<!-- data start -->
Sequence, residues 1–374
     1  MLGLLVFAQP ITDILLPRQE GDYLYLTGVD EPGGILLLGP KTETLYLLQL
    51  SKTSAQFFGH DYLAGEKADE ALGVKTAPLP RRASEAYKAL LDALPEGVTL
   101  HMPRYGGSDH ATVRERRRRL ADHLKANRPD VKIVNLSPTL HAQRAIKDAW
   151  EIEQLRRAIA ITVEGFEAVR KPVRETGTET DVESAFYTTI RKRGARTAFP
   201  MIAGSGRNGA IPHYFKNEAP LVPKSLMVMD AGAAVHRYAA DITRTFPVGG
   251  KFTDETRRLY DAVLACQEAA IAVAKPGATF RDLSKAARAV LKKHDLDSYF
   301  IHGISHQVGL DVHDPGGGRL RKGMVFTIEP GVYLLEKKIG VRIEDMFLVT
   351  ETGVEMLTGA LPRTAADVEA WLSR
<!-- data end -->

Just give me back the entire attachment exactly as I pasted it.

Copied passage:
Sequence, residues 1–374
     1  MLGLLVFAQP ITDILLPRQE GDYLYLTGVD EPGGILLLGP KTETLYLLQL
    51  SKTSAQFFGH DYLAGEKADE ALGVKTAPLP RRASEAYKAL LDALPEGVTL
   101  HMPRYGGSDH ATVRERRRRL ADHLKANRPD VKIVNLSPTL HAQRAIKDAW
   151  EIEQLRRAIA ITVEGFEAVR KPVRETGTET DVESAFYTTI RKRGARTAFP
   201  MIAGSGRNGA IPHYFKNEAP LVPKSLMVMD AGAAVHRYAA DITRTFPVGG
   251  KFTDETRRLY DAVLACQEAA IAVAKPGATF RDLSKAARAV LKKHDLDSYF
   301  IHGISHQVGL DVHDPGGGRL RKGMVFTIEP GVYLLEKKIG VRIEDMFLVT
   351  ETGVEMLTGA LPRTAADVEA WLSR